30 August, 2007

Crown Lands

Constitutional Discussions 22: Disposal of Crown Lands. Opportunities for official corruption by local administrators in a colonial setting are limited. The External Auditor reports to the Governor and the House of Assembly on the spending of public funds. He ensures that it is difficult, if not impossible, for senior government figures to dip their fingers into the public purse and remain undiscovered. There is thus an external check on waste of public monies. Not so in the case of public lands. There are no checks and balances when it comes to wheeling and dealing in public lands. This lack has long been a cause of public ferment and distrust in Anguilla. It is a subject on which several representations were forthcoming to the Constitutional and Electoral Reform Commission during the public discussions leading up to its August 2006 Report.

Section 75 of the Anguilla Constitution presently provides that the Governor is the person who signs legal instruments dealing with Crown land. He is obliged to do so on the advice of the Executive Council, or cabinet. This two-step strategy ensures some degree of control. Most Anguillians believe that is not sufficient. It does not give the Anguillian public the full assurance that it demands. A Governor will not be sufficiently aware of local affairs to be able to question a dealing that is inadvisable but that is being pressed on him by Cabinet. One suggestion for reform found wide acceptance. It was to require all dealings in Crown lands to be the subject of debate in the House of Assembly. This strategy would act as an additional control on wasteful dealing in public land. The fear of public exposure would limit the temptation to deal improperly in public lands. The Commission recommended at paragraph 162 of its Report that section 75 of the Constitution should be amended to provide that all future dealings in public lands in excess of one acre be required to be approved by a Resolution of the Assembly.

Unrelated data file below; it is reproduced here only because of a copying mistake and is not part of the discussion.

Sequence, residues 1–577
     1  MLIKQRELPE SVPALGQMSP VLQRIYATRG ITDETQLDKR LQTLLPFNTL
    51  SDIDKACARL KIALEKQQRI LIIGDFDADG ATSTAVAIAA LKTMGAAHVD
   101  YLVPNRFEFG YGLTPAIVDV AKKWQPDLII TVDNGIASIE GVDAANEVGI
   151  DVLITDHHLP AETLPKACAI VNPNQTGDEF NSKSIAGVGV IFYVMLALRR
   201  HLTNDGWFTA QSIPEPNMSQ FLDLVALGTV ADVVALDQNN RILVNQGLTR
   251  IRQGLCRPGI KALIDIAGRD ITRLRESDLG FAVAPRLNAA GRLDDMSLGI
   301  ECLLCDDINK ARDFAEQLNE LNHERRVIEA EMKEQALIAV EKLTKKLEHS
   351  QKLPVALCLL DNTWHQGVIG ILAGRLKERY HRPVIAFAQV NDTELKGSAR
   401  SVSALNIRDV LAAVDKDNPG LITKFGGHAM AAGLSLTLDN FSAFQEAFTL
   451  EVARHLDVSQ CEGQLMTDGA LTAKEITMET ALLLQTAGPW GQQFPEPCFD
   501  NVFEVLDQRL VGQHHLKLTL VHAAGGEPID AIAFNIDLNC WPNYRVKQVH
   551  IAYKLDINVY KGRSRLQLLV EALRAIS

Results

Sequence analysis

It is a matter for regret that both the supporters of Government and of the Opposition meeting in caucus at Limestone Bay Café disagreed with the recommendation of the Commission. They all preferred that the present provision remain as it is.

We are left to wonder why!

29 August, 2007

Social Insecurity

At Last! The 2003 Accounts.

I recently received a message that the long overdue Social Security Annual Report for the year 2003 has been published. I had a look at the website. The letter of transmittal and other reports are undated. We have to assume that the Minister received the Report when it was published, in August 2007. I would have thought this was a tad in arrears for a Social Security Board?

My correspondent was not impressed. He sent me a query he had received recently. I shall publish his response at a later date. This is what the query he received said:

We finally get to see the Social Security Annual Report for 2003. As expected, it is not very revealing. How much does Tim earn? You tell me:


2003 $$

2002 $$

Salaries & Allowances of Admin staff



Allowances & Expenses of the Board



Other Expenses of Administration



Other Expenses






This trough has room for countless snouts.